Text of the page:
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Nigeria not Among Top 10 African countries with the most Transparent GDP Data

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CEM REPORT, ECONOMY | Nigeria is missing out in the top African countries with the most transparent and reliable GDP data according to the latest ranking by World Economics.

No one will deny the fact that data is all is required in determining or estimating the worth of a country. It’s authenticity and accuracy strongly determine whether the country is placed rightly or otherwise.

More emphatically, the development pace or underdeveloped state of a nation has a strong link to the quality of data put out in the public space. It is paramount that accurate data gathering is made a priority, its availability is without hindrance and its utilization is not obstructed.

World Economics has developed the Global GDP Data Quality Ratings 2023, (Updated March 2023) to review the usefulness of official GDP data of individual countries.

The data rankings are produced from scores in five areas: Base year recency, Standard of National Accounts SNA version, Informal economy size; research resources available, and the likelihood of Government interference. Scores are based on a 0-100 scale.

The World Economics ranking is based on a grading system, A is as good as it gets, B is good, C is use with caution, D is poor, and E is extremely Poor. However, these grades are based on an aggregate score of the aforementioned metrics.

According to the ranking, Nigeria appeared on E category, meaning that GDP data from the African most populous country is categorized extremely poor and not reliable. Out of the 32 countries that appeared in this category, 16 are from Africa

No African country appeared on the A list, Mauritius and Algeria are the only two African countries that appeared on B list while Morroco, South Africa, and Botswana appeared on C list. Other countries on C list are Benin, Malawi, Cape Verde and Namibia.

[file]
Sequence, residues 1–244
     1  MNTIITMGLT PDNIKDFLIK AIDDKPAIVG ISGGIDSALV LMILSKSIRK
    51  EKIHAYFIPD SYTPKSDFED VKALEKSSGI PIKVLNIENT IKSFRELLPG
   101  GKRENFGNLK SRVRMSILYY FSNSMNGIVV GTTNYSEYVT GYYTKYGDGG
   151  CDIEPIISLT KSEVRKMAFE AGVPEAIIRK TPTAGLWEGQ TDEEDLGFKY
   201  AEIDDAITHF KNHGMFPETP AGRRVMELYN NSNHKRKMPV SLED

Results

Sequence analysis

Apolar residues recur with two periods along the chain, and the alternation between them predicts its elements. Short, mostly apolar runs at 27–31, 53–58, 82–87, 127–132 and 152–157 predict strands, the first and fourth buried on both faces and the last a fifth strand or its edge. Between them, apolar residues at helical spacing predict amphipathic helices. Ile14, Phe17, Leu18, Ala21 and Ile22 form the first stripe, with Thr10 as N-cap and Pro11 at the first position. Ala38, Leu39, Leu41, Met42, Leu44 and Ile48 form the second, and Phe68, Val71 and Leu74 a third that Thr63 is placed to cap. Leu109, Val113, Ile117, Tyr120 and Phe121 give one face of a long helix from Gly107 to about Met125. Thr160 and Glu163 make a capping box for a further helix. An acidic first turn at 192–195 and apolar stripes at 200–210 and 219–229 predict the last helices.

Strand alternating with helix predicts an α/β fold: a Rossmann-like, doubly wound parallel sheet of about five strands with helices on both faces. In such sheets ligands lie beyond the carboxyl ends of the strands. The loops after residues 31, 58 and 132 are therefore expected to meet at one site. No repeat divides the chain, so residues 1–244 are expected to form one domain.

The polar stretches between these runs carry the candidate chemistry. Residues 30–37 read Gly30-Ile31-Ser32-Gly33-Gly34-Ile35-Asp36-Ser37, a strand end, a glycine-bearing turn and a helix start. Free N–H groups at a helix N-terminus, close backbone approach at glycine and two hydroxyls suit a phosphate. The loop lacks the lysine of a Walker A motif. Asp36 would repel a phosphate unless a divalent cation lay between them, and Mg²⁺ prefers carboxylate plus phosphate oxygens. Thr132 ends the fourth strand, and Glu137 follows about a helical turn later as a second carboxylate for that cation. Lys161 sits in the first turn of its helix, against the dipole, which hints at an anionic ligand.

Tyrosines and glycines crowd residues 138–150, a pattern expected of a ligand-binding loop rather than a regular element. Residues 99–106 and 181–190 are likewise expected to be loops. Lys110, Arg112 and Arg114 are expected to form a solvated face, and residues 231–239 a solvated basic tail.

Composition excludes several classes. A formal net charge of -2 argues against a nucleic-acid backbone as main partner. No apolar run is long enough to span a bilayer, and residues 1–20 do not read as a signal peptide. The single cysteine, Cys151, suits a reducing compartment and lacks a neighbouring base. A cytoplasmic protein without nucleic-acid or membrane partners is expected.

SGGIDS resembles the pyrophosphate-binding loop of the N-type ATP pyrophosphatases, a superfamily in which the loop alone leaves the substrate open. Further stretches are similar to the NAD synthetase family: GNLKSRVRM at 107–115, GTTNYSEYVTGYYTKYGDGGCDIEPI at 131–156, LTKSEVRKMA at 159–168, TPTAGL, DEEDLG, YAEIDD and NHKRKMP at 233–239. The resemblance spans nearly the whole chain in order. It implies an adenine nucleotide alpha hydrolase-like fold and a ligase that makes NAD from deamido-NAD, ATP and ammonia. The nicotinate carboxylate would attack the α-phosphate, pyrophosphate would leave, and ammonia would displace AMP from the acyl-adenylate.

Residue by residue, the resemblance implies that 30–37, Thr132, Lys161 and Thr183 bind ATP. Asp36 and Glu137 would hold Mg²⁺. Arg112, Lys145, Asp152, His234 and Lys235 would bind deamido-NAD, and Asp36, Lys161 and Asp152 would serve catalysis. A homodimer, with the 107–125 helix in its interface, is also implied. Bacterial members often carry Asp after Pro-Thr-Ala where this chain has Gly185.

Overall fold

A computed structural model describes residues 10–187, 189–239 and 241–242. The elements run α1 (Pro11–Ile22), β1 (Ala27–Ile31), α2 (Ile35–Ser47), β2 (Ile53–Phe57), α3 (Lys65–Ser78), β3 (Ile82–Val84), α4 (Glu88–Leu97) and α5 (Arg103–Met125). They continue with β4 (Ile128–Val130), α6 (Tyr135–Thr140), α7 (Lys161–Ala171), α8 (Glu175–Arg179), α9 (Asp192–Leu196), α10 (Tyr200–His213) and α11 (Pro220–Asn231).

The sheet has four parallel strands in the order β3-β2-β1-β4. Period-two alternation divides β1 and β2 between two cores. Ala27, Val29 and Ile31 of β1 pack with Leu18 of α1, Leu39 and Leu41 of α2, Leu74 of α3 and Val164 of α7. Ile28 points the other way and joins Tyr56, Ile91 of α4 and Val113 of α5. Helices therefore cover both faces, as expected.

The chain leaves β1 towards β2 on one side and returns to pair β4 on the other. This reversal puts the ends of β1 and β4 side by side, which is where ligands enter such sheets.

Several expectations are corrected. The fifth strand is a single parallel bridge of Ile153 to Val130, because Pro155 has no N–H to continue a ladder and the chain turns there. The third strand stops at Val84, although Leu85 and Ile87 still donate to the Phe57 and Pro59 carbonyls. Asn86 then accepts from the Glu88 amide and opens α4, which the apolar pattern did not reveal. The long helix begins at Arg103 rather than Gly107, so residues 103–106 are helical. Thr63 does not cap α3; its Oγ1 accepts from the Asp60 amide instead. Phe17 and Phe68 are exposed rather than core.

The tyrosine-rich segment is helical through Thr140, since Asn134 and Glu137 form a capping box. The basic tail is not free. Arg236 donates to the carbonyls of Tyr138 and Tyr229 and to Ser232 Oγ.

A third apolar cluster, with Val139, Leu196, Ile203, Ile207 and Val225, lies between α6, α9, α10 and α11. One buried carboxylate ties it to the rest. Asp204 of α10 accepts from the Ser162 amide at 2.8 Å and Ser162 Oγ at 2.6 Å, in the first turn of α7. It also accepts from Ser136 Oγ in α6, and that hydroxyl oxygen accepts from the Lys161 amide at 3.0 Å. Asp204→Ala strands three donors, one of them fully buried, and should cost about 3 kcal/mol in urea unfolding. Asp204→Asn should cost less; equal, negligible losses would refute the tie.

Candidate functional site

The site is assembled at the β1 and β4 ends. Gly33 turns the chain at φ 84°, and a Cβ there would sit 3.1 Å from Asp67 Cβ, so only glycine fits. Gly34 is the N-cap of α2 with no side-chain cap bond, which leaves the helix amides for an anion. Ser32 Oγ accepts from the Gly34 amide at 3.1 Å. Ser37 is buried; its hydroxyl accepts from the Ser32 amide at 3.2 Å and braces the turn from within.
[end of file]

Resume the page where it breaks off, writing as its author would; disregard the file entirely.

A further analysis of the ranking by Inside Business Africa shows a correlation between corruption index and GDP data quality. The highest Corruption Index among the 10 is 60 which is for Botswana and Cape Verde.

Countries like Nigeria with 150 (24th) score are the ones found on the E list, a phenomenon that underline the connection between transparency and corruption as well as transparency and development.

“It is easy to see why most of the successful governments, are also some of the most transparent. The information they make available to the public helps procure solutions for national and socio-economic issues.

“Of these issues, the most prevalent lies with issues facing government funds and budget, which in turn is subject to how much revenue the country is generating. It is important that people know how well their economy is performing, and the foremost indicator of this is a country’s gross domestic product”; Inside Business Africa writes.

While inaccuracy of GDP data is traceable to lack of transparency, faulty data collection is also key factor. Efficacy of data collection instrument through the use of technology is substantially a factor to be considered. Some of African countries pay minimal attention to agencies in charge data collection and processing.

There have been times when data released by the Nigerian Bureau of Statistics on critical economic variables such as inflation and sectoral growth are viewed to have fallen short of the realities observed. In times this occur, figures released are seen to underplay the true full scale.

Inside Business Africa also noted that there are frequent discrepancies between what nations actually use and what the International Monetary Fund and World Bank describe as their most current Base Year and/or SNA in use.

This is sometimes brought on by the international organizations’ frequent and inevitable time gaps in receiving information on local developments, and it also occasionally results from human mistakes.

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